It’s easy to give examples of bad responses, but examples of good responses are more difficult. Maybe that’s why many are called but few are chosen.

First there are those who make excuses not to accept the invitation. A better response is to accept God’s invitation. To do what God wants. To answer God’s call.

This involves an openness to hearing God speak to us and to do what God asks as he calls us to some good work or to some church ministry.

Second there are those who persecute the messengers. A better response is to stop persecuting those who bring us God’s voice.

This involves being more charitable to our brothers and sisters. It also involves seeing the face of God in those who try to help us.

Third there are those who refuse to put on the wedding garment. A better response is to start wearing the wedding garment.

I think this involves an openness to worshipping in spirit and in truth, this involves singing at church and praying at church, not because we have to, but because it is our gift to God.

If we open our eyes and ears to God, we will hear the invitation. If we respond to the invitation, we receive the blessing of being at the Lord’s banquet.


Today we ask for the courage to respond. In this way, we just might find ourselves clothed in royal garments, sitting at God’s banquet feast, wondering how we got there in the first place.

Saturday, October 4, 2014

10-05-2014 -- 27th Sunday in Ordinary Time, Year A

October 05, 2014 - 27th Sunday in Ordinary Time, Year A


Imagine how you would feel if you were the vineyard owner?

You had done your research, bought just the right tract of land, prepared the soil, planted the best vines and purchased all the right equipment.

You had done everything you could to help the tenants produce a rich harvest.

And so you say to yourself, “What more is there for me to do that I have not already done to make my vineyard rich and fertile?”

Now how would you feel to be treated the way the tenants treat the vineyard owner in Jesus’ parable?

Your response might be similar to the response the religious leaders give to Jesus, “He will put those wretched tenants to a wretched death.”

Notice, if you will, that this is not Jesus’ answer. Jesus says simply: the kingdom will be taken away and given to those who will produce fruit.

We see the same thing in Isaiah’s song. The vineyard is abandoned, left to be overgrown.

This happens because the tenants, God’s chosen ones, have turned from God. It is painful to read about the abandoned vineyard left to grow wild.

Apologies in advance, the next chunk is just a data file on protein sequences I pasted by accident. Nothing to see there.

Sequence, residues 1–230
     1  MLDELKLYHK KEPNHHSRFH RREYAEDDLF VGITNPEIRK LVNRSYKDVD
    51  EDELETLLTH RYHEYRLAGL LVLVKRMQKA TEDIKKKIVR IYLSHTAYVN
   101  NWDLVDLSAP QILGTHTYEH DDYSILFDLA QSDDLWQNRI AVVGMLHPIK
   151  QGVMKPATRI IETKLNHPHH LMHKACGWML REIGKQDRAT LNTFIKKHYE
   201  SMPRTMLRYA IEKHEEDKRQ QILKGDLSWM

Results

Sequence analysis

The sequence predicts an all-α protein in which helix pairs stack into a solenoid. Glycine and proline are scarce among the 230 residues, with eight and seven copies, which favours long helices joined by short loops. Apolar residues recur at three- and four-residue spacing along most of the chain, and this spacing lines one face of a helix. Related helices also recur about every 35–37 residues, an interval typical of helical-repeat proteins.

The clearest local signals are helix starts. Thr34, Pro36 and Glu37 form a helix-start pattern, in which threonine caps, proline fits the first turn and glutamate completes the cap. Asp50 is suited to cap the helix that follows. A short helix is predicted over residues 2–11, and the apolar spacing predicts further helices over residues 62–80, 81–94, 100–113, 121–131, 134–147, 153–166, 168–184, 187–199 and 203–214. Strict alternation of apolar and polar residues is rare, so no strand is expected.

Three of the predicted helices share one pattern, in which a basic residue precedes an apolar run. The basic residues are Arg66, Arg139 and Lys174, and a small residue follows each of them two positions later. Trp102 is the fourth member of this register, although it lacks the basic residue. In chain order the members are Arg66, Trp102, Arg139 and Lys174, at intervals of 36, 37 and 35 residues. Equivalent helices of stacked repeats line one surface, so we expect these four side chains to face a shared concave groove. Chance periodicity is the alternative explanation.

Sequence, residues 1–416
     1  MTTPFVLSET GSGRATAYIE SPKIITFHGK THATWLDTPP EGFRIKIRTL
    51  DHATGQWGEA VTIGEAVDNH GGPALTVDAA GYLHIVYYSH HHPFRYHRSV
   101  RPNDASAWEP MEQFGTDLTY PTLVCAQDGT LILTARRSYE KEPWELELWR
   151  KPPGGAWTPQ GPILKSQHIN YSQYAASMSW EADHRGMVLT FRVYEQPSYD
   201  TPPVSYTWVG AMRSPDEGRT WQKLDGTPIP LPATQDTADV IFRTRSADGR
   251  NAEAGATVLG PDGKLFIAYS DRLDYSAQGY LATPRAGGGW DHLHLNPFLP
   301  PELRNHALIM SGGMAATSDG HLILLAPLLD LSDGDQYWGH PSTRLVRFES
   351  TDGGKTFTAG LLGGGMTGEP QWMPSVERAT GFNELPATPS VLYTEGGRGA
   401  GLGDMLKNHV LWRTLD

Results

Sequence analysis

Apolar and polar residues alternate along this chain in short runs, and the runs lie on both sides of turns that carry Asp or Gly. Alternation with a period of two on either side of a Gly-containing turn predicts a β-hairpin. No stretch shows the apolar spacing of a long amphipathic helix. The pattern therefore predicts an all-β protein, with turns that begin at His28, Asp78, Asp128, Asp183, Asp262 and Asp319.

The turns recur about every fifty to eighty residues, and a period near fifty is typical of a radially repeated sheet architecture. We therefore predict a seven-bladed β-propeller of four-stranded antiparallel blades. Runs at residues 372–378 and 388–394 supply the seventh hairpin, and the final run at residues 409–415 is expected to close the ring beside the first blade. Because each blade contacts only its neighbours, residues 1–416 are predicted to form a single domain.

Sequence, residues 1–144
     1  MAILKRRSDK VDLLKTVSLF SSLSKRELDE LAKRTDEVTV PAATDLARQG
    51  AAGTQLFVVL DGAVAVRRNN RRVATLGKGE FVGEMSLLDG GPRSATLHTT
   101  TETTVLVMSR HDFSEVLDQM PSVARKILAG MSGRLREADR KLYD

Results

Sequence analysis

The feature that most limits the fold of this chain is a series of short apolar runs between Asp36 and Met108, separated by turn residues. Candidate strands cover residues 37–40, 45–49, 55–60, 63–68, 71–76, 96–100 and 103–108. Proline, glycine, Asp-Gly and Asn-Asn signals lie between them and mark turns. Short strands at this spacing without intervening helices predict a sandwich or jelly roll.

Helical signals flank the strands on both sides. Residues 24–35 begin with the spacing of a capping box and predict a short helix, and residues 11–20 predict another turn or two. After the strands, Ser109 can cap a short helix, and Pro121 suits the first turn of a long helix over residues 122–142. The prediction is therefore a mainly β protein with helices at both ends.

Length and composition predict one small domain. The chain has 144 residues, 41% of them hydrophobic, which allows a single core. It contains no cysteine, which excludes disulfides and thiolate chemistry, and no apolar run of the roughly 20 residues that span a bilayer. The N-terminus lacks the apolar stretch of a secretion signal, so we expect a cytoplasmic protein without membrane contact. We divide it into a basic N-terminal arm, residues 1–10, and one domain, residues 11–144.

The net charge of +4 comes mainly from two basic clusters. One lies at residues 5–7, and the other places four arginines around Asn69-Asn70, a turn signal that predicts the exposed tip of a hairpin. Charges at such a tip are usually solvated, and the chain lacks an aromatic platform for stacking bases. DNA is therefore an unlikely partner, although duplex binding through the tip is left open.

Because they have turned from God’s help, the rascally tenants are left to their own devices. It is they who have turned from the Lord. And because of this, they will see the vineyard whither and fade.

God is the vineyard owner. And all of God’s creation is the vineyard.
God wants his beloved children to enjoy a rich harvest. And he has gone to great lengths to do everything he can to help make this possible.

But our God has also given us free will and allows us to go where we wish and to do as we please.  In his great love for us, God has given us freedom of choice.

And God loves us so much that he honors our freedom to choose good or evil. He does all he can to help us choose good, but we are free to turn away, to ignore, to rebel.

That choice to turn away, to ignore and to rebel comes with consequences. Because we have turned away from God’s divine assistance and protection, we see the vines wither, unable to bear fruit.

But when we return to God, we are given the divine assistance of the Master Vineyard Owner who does all he can to help his children produce a rich harvest.

True humility is recognizing that creation is God’s and that God calls us to take care of it and to use its resources wisely.

When we do this we show great respect for God’s creation. In showing respect for God’s creation we also learn to show respect to all God’s children.

On this Respect Life Sunday, we are reminded that each and every human life is crafted in the image and likeness of God, and that our brothers and sisters are co-workers with us in God’s vineyard.

Each and every one of us is a masterpiece, special and unique; each and every one of us is deserving of the utmost reverence and respect.

How would you feel if you were the vineyard owner whose tenants did not produce a rich harvest?


Fortunately God’s ways are not our ways. God continues to prepare the vineyard so that his children have abundant opportunity to produce a rich harvest.